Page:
Small Firms' Actions and their Survival Probabilities
The small firm is viewed as taking a complex of actions to facilitate market place survival. Selection of such actions involves choice about markets, costs, strategy, finance, organisation, human capital and innovation. Probit models of survival over two years are estimated for a random sample of 150 new businesses for which field work evidence on complex actions is available. Although many actions are found to play at least some role in promoting survival of the small firm, a parsimonious empirical model is presented which emphasises just ten actions. this model indicates the pivotal imortance of reward to the entrepreneurial input, allied to a tight control of the overall wage bill, if the small firm is successful to negotiate the early stage of its life cycle.
|Date of creation:||Oct 1997|
|Contact details of provider:|| Postal: School of Economics and Finance, University of St. Andrews, Fife KY16 9AL|
Phone: 01334 462420
Fax: 01334 462438
Web page: http://crieff.wordpress.com/
More information through EDIRC
Please report citation or reference errors to , or , if you are the registered author of the cited work, log in to your RePEc Author Service profile, click on "citations" and make appropriate adjustments.:
- Evans, David S., 1986.
"Tests of Alternative Theories of Firm Growth,"
86-36, C.V. Starr Center for Applied Economics, New York University.
- Oi, Walter Y, 1983. "Heterogeneous Firms and the Organization of Production," Economic Inquiry, Western Economic Association International, vol. 21(2), pages 147-71, April.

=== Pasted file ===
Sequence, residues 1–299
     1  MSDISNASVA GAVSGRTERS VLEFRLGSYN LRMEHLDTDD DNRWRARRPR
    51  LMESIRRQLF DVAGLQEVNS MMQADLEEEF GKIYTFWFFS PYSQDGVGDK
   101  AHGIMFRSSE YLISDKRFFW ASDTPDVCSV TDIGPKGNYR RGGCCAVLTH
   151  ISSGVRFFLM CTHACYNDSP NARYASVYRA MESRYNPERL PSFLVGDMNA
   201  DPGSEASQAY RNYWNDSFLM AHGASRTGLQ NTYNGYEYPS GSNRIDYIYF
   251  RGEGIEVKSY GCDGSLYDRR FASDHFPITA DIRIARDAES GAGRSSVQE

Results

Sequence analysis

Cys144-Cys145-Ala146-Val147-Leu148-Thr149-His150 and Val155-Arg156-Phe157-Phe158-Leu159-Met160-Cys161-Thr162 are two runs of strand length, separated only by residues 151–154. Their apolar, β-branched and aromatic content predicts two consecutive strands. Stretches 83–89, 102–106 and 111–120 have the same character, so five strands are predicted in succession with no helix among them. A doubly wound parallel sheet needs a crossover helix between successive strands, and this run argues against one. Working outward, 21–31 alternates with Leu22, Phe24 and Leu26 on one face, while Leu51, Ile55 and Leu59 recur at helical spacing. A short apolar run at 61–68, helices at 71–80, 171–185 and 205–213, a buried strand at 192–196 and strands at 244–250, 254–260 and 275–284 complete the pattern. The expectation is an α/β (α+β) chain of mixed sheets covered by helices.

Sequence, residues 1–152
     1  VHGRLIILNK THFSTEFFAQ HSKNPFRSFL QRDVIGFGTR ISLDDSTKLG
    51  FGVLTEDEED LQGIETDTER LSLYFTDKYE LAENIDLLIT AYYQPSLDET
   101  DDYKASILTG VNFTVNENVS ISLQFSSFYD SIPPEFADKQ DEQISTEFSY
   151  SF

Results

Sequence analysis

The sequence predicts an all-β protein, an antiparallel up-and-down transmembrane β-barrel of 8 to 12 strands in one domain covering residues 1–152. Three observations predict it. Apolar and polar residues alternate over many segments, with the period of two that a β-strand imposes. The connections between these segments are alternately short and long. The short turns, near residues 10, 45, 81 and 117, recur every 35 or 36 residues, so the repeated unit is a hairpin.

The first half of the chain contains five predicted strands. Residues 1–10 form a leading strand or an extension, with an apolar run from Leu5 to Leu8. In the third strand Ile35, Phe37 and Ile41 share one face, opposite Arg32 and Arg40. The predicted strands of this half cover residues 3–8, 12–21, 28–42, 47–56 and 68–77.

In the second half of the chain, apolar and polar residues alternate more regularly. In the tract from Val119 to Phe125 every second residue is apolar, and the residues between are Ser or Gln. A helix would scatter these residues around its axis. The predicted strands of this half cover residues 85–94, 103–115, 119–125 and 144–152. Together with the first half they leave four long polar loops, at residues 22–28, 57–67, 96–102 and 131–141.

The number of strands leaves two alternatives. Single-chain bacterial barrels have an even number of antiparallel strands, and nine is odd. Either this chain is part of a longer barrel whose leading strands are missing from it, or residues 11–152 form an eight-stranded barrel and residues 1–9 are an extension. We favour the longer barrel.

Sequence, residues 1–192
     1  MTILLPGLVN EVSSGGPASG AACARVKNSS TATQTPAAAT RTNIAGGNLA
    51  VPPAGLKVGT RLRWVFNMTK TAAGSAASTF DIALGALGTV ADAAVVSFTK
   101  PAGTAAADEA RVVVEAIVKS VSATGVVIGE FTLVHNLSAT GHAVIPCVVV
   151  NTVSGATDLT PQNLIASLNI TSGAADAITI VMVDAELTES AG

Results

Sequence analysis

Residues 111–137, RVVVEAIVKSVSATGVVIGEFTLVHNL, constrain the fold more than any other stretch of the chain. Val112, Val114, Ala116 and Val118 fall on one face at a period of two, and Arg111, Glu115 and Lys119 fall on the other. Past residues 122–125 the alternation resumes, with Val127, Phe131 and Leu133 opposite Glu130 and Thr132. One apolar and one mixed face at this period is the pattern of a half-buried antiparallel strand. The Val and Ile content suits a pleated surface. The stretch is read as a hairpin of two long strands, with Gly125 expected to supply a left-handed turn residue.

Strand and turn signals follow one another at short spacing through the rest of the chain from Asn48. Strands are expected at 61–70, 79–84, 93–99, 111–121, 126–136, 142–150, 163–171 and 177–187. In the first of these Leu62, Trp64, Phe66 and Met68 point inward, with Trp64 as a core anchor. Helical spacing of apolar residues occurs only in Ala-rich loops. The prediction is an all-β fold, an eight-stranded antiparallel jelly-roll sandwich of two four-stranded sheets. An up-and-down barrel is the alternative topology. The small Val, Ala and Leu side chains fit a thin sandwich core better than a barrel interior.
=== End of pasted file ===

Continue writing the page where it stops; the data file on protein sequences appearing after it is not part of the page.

- Bates, Timothy, 1990. "Entrepreneur Human Capital Inputs and Small Business Longevity," The Review of Economics and Statistics, MIT Press, vol. 72(4), pages 551-559, November.
- Gavin C Reid, 1996. "Capital Structure at Inception and the Short-Run Performance of Micro-Firms," CRIEFF Discussion Papers 9607, Centre for Research into Industry, Enterprise, Finance and the Firm.
- Dobson, Stephen M & Gerrard, Bill J, 1989. "Growth and Profitability in the Leeds Engineering Sector," Scottish Journal of Political Economy, Scottish Economic Society, vol. 36(4), pages 334-352, November.
- Reid, Gavin C., 1991. "Staying in business," International Journal of Industrial Organization, Elsevier, vol. 9(4), pages 545-556, December.
- Gavin C Reid & Julia A Smith, 1996.
"What Makes a New Business Start-Up Successful?,"
CRIEFF Discussion Papers
9618, Centre for Research into Industry, Enterprise, Finance and the Firm.
- Murray Z. Frank, 1988. "An Intertemporal Model of Industrial Exit," The Quarterly Journal of Economics, Oxford University Press, vol. 103(2), pages 333-344.
- Jovanovic, Boyan, 1982. "Selection and the Evolution of Industry," Econometrica, Econometric Society, vol. 50(3), pages 649-670, May.
- Vickers,Douglas, 1987. "Money Capital in the Theory of the Firm," Cambridge Books, Cambridge University Press, number 9780521328418, October.
- Thomas VON UNGERN-STERNBERG, 1988.
"The Flexibility to Switch between Different Products,"
Cahiers de Recherches Economiques du Département d'Econométrie et d'Economie politique (DEEP)
8806, Université de Lausanne, Faculté des HEC, DEEP.
- von Ungern-Sternberg, Thomas, 1990. "The Flexibility to Switch between Different Products," Economica, London School of Economics and Political Science, vol. 57(227), pages 355-69, August.
- Arulampalam, W. & Robin A. Naylor & Jeremy P. Smith, 2002. "University of Warwick," Royal Economic Society Annual Conference 2002 9, Royal Economic Society.
- Karlsson, Charlie & Olsson, Ola, 1998. "Product Innovation in Small and Large Enterprises," Small Business Economics, Springer, vol. 10(1), pages 31-46, February.
When requesting a correction, please mention this item's handle: RePEc:san:crieff:9721. See general information about how to correct material in RePEc.
For technical questions regarding this item, or to correct its authors, title, abstract, bibliographic or download information, contact: (the School of Economics)
If references are entirely missing, you can add them using this form.